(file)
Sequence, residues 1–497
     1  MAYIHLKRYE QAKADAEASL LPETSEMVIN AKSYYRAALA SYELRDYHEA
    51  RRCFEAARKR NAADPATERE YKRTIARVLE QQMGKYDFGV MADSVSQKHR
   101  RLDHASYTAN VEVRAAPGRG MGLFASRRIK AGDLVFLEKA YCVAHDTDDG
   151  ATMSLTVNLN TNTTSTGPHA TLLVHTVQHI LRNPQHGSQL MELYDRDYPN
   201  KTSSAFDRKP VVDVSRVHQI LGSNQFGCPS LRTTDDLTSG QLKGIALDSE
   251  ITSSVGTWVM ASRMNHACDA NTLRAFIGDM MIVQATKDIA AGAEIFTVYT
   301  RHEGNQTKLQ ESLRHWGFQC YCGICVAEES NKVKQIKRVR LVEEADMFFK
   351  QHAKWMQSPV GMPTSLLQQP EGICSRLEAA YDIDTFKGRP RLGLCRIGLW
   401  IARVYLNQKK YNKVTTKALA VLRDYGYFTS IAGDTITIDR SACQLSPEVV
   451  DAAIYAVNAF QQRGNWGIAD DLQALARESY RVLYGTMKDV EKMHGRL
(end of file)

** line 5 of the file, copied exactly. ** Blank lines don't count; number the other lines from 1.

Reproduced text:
   151  ATMSLTVNLN TNTTSTGPHA TLLVHTVQHI LRNPQHGSQL MELYDRDYPN